The UK government has published guidance on the more flexible form of its Coronavirus Job Retention Scheme (designed to support employers to pay the salaries of those employees who take a temporary leave of absence because of the difficulties their employer is facing due to Covid-19) that will start from 1 July 2020.
The Employment Appeal Tribunal (EAT) has ruled that if the sole or principal reason for a change to an employment contract is a TUPE transfer then that change is void – even where it is beneficial to employees.
If the “last straw” (i.e. the final event that leads to the employee resigning) is innocuous, can the employee still succeed in a constructive unfair dismissal claim? Yes says the Employment Appeal Tribunal – even if the “last straw” is innocuous, the employee may be able to rely on an earlier fundamental breach by employer to succeed in a constructive dismissal claim.
The Employment Law Chronicle provides an overview of developments in Dutch employment law between 1 January 2019 and 1 March 2020.
In a judgement of 23 April 2020, the Grand Chamber of the CJEU confirmed the interpretation that an Italian lawyer, who publicly claims to never employ homosexual persons in his firm, can be condemned because of discrimination on the ground of sexual orientation
A new Circular requires the Human Resources and Social Security departments, and Market Regulation departments in various provinces, to launch special law enforcement inquires in order to rectify illegal actions that infringe upon the legitimate rights and interests of both employers and employees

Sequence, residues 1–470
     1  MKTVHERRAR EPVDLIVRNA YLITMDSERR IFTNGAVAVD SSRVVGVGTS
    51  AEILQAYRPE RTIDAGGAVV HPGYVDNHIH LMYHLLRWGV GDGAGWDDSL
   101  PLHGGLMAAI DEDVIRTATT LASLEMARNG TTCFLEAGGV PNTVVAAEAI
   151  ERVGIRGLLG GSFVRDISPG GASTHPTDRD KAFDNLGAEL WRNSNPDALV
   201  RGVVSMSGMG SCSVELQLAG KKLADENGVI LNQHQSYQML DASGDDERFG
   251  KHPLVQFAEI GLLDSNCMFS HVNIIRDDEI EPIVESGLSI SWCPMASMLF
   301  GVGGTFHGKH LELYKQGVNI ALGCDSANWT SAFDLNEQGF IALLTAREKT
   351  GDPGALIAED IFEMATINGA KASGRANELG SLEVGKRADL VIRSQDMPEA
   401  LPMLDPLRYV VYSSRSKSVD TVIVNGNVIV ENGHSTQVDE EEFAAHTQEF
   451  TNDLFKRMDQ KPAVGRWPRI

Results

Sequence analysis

In a recent decision, the Ontario Superior Court of Justice held that the defendant bank breached the overtime obligations prescribed by federal labour law, as it failed to properly record actual hours worked and made overtime compensation contingent on pre-approval. This decision underscores the importance of ensuring that hours of work are properly recorded, and that overtime is paid in accordance with the applicable statutory requirements.
A recent Full Bench decision of the Fair Work Commission has found that an Uber Eats delivery driver was not an “employee” of Uber or its affiliated companies, and therefore was not entitled to an unfair dismissal remedy under the Fair Work Act 2009 (Cth). In reaching this decision, the Full Bench considered the control that delivery drivers have over their hours of work and the work they accept, the fact that delivery drivers could also work for competitor food delivery companies, and the absence of a requirement that delivery drivers wear uniforms or use Uber logos. This decision is now the highest Australian authority on whether workers in the gig economy are classified as employees
The laws that the Occupational Safety and Health Administration (OSHA) enforces govern workplace safety and health at construction sites and prohibits employers from retaliating against employees who engage in protected activities, such as reporting workplace hazards, injuries, illnesses, or potential violations of the law. They also protect employees who refuse to violate a law or cause a workplace hazard
As wage reductions become a common solution to the uncertain environment resulting from the COVID-19 pandemic, U.S. employers have had to make some difficult decisions. Many have laid off or furloughed employees, while others have been forced to reduce wages to stay afloat